Large blood count, blood test, fasting, values, laboratory values, pregnancy

Blood tests include a complete blood count with a differential blood count (or hemogram) that shows the cell elements in the blood:

  • Red blood cells,
  • White blood cells,
  • Platelets (platelets).

You do not have to be fasting before a complete blood count, but it is necessary for other blood analyzes (especially when testing your blood sugar).

The laboratories differ somewhat in the interpretation of the results, so that the absolute value of these numbers must not be taken into account.

Here is a list of the positions that the doctor interprets using the reference values:

Number of leukocytes (white blood cells) in the large blood count

Normal values: from 4 to 10 cells / µl

The white blood cells help fight infections. Therefore, an increase in the number of white blood cells can be useful for the detection of an infection. But it can also indicate leukemia, which can cause an increase in the number of white blood cells.
On the other hand, white blood cell deficiency can be caused by certain medications or diseases.

Which leads to a low white blood cell count?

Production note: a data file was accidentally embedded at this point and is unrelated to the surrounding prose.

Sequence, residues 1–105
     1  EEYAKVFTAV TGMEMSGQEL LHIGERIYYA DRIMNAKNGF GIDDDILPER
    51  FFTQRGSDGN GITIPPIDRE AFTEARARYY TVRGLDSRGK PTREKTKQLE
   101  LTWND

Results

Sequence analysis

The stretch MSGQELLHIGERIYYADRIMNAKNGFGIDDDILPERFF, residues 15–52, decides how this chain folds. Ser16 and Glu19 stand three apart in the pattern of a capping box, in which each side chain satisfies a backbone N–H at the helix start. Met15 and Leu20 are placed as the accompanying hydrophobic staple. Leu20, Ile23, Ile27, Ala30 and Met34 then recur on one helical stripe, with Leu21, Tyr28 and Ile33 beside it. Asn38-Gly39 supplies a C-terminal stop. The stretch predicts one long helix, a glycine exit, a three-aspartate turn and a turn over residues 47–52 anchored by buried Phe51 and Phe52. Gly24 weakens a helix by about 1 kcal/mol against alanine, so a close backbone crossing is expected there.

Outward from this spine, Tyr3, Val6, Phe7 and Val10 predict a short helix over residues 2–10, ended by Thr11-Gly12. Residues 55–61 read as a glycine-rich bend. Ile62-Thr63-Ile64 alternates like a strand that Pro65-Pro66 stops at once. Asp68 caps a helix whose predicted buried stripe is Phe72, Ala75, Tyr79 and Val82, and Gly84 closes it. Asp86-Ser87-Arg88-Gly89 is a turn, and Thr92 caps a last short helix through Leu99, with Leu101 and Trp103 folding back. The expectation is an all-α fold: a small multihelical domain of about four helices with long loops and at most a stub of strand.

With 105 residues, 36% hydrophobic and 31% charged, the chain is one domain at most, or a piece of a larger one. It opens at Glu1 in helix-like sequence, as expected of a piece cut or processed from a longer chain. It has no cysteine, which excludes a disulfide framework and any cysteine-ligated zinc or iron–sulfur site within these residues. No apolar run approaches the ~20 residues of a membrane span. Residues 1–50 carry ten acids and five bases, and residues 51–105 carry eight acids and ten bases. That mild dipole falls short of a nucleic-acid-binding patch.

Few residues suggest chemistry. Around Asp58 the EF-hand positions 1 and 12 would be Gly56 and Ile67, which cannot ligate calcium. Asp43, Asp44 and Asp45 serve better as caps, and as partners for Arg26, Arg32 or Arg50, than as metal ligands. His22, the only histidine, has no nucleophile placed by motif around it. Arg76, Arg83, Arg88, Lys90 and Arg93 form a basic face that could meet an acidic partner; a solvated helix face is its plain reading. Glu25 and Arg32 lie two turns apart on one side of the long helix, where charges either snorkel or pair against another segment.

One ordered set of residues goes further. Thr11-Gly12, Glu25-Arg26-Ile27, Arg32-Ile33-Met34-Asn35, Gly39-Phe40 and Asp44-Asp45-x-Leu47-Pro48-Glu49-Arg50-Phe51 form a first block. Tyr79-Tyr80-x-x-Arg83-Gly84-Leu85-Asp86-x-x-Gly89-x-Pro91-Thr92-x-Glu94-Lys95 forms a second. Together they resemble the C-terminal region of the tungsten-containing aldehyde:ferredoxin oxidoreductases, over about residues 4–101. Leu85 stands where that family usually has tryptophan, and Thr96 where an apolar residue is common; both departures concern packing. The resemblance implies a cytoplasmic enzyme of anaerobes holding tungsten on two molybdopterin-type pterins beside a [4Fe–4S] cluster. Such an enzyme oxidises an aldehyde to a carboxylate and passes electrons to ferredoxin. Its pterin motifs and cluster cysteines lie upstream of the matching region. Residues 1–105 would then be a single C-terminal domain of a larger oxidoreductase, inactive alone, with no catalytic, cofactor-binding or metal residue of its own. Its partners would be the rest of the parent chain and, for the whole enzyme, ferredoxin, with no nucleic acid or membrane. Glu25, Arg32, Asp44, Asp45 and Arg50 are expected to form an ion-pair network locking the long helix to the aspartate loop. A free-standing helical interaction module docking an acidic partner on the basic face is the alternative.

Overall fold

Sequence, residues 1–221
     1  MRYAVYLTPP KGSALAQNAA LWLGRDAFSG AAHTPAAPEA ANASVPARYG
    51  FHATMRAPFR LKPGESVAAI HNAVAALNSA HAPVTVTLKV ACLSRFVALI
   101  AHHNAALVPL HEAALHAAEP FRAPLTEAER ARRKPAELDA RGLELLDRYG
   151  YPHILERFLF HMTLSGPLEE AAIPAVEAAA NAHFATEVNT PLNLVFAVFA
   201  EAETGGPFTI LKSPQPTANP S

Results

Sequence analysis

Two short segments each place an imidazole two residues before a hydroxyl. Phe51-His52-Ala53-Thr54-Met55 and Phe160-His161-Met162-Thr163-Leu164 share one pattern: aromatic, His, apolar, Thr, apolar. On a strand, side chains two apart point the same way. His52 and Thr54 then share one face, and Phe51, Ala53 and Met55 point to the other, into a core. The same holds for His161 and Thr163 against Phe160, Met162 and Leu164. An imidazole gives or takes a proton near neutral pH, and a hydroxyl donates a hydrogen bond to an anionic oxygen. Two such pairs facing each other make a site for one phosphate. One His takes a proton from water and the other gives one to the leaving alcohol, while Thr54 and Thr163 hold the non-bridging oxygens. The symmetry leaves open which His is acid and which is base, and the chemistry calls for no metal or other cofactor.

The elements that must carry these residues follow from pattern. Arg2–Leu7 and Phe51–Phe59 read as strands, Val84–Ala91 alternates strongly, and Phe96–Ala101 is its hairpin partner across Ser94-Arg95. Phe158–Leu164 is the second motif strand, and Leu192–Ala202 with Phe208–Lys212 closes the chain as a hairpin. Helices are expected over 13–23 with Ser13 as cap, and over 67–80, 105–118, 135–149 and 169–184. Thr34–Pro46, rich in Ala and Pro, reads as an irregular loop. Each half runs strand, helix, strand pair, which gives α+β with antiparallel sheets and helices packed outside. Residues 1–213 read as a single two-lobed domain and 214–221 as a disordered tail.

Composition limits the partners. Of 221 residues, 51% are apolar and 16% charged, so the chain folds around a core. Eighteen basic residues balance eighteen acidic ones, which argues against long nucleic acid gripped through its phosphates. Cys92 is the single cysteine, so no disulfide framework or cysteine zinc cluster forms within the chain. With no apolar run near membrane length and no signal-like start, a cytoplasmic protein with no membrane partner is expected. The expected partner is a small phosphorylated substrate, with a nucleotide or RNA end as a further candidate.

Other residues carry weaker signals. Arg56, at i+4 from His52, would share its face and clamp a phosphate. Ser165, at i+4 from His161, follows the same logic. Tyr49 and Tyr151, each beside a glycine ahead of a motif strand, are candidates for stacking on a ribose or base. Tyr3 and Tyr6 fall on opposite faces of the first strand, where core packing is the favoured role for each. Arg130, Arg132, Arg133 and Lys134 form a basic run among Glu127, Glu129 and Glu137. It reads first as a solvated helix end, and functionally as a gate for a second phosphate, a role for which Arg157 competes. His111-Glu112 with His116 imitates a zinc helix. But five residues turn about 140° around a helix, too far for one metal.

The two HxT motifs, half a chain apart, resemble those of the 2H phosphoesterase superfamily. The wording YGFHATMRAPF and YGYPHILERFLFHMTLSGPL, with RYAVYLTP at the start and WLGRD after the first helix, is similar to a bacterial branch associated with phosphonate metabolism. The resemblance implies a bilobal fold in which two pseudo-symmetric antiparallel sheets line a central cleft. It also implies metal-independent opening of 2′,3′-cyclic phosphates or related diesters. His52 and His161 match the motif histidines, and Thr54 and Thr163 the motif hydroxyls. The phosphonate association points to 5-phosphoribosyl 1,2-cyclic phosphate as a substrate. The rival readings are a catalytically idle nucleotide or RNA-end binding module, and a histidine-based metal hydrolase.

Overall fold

• Bone marrow diseases
  • chemotherapy
  • Autoimmune diseases
  • viral infections

Which leads to an increased leukocyte count?

  • infections
  • inflammation
  • cancer
  • leukemia
  • Intensive training
  • stress
  • corticosteroids

Differential blood count

The differential blood count gives that cellular composition of white blood cells (leukocytes) of blood.

  • neutrophils 40% to 60% of the total
  • lymphocytes 20% to 40%
  • monocytes 2% to 8%
  • eosinophils 1 to 4%
  • basophils 0.5% to 1%

This investigation measures:

The differentiated leukocyte count also shows whether the number of different cells are in the correct relationship to each other.
An anomaly in this investigation could indicate:

  • infection,
  • inflammation,
  • Autoimmune disease,
  • anemia,
  • Other diseases.

Decreased neutrophil values ​​in the large blood count

The neutrophils are the most numerous white blood cells in the blood.
These cells have the task of protecting the body from infections.

Causes of low neutrophil counts

Some ethnic groups have a lower neutrophil count than average:

  • African
  • African-American
  • Yemeni Jews
  • Jordanian Arabs

Congenital neutropenia

  • Cyclic neutropenia
  • Severe congenital neutropenia or Kostmann syndrome

Blood and bone marrow disorders

Medicines and toxic substances

  • chemotherapy
  • Antibiotics and diuretics
  • alcohol
  • radiotherapy
  • Insecticides

infection causes

organ changes